These were easy, super delicious, and used lots of our super, duper ripe King figs! I added just a sprinkle of cinnamon and clove, doubled the recipe, but didn’t double the lemon ’cause my hubby isn’t a huge sweet lemon fan. Great for our vegan diet and pals eliminating processed sugar and gluten! Yippeeee! Thanks for sharing!
I’m so jealous of your figs! So glad you enjoyed the bars. Thanks for your feedback, Dana.
I didn’t see a reply if dried figs could be used. Yes?
Hi Brenda, I haven’t made them that way but I’d recommend rehydrating them in hot water before using. Enjoy!
I’m looking to make these, but I only have dried figs. I was thinking of making them into a jam. Do you know how many dried figs would this recipe use?
Hi Nadine, it kind of depends on the kind of dried figs you’re using, but I’d definitely rehydrate them by simmering them in water or another liquid before moving on with the recipe. I’d probably use about 1 1/2 to 2 cups of dried figs.
Just made these, and they are amazing! I’m not a big fan of figs, but these are so sweet and delicious. Hard to believe they are gluten free and vegan. My family loved them and I’ll definitely make them again!
Hi Elizabeth, so glad you and your family are loving them!! Thank you so much for the feedback :)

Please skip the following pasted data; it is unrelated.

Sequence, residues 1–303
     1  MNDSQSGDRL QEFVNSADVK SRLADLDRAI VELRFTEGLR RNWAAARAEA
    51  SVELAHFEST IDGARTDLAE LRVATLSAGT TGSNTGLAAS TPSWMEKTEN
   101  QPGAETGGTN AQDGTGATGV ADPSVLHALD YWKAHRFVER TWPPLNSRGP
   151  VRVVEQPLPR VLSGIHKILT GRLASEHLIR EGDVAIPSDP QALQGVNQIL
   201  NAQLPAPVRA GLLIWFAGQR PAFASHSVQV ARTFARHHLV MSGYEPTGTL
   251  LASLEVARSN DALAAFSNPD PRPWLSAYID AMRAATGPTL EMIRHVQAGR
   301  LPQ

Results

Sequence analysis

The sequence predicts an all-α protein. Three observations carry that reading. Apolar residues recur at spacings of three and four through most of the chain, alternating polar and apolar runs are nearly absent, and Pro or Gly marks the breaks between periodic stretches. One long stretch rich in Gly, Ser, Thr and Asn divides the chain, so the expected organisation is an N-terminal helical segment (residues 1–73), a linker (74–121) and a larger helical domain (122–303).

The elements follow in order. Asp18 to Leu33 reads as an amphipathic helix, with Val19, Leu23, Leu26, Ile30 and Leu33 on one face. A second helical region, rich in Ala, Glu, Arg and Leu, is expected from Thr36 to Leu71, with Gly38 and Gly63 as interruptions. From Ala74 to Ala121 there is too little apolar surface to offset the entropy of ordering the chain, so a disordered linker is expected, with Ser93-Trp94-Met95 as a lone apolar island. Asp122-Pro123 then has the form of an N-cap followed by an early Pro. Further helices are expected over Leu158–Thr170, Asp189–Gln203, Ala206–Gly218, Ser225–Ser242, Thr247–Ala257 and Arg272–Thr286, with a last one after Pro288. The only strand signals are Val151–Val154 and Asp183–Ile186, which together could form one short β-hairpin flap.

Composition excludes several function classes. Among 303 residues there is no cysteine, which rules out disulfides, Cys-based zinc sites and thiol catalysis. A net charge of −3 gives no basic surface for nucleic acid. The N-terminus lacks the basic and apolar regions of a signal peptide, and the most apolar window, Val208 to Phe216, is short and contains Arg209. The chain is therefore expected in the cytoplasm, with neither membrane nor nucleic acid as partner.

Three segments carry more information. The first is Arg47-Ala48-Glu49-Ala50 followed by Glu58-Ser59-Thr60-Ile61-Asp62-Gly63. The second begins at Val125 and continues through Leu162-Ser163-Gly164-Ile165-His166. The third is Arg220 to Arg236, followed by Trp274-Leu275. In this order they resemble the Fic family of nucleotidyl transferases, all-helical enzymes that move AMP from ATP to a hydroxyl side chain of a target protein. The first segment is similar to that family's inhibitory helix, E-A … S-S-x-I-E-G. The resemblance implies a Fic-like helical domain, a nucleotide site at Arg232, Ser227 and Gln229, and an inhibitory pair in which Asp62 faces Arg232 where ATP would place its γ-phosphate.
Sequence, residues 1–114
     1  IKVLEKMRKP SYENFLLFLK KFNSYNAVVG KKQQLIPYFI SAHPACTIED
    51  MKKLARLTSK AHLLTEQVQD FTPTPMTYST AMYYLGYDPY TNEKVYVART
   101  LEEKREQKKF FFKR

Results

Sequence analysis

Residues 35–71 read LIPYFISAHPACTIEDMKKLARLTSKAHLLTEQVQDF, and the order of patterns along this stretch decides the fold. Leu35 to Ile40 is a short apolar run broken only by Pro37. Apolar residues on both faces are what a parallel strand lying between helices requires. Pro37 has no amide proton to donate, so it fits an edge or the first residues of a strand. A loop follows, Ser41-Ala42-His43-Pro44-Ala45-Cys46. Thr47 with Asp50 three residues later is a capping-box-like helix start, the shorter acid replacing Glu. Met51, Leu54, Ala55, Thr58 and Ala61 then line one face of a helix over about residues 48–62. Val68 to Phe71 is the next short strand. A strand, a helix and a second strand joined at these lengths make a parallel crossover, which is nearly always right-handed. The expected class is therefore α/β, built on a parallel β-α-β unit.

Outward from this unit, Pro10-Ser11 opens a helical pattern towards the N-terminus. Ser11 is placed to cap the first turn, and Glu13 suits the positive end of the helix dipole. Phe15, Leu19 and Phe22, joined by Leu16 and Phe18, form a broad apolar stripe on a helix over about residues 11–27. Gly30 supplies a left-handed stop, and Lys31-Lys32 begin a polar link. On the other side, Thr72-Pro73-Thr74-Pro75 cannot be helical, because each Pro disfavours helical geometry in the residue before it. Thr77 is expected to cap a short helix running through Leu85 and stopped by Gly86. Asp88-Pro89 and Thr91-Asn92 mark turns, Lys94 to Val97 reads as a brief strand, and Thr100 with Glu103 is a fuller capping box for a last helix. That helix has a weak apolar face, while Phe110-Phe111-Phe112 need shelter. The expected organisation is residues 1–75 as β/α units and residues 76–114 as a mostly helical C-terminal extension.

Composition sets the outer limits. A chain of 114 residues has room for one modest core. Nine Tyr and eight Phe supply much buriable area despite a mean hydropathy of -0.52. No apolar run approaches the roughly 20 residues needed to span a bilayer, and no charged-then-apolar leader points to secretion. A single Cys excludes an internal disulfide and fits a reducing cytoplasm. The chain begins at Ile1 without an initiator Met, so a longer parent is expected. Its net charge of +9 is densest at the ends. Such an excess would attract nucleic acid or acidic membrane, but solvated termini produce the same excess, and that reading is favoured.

Wow, just made these from bunch of figs we had from our tree and yummy, it was perfect! And so easy to make! Thank you!!!
So thrilled you’re loving the bars! Thanks for your feedback, Charlotte.
I would live to make these figs bars but I only have pillsbury flour…can I use that in place of the almond flour.
Hi Sandy, that should be fine!!
YUM!! Just made these, still warm sitting on the stovetop! Great simple recipe, i had to sub another gluten-free flour for the tapioca but seemed to turn out! Flavors are certainly there and work perfectly! So refreshing to have so much flavor without all the butter and white sugar most recipes stick to. Only thing I was confused was maybe I should have toasted the oats? Or done something so they weren’t so “uncooked” to say because its bothered my stomach eating them so raw.. maybe i should have added more oil or water into the dough to let them soak up some more flavor but my tummy definitely needed them more cooked. But such a minor issue, i probably also ate too many! :D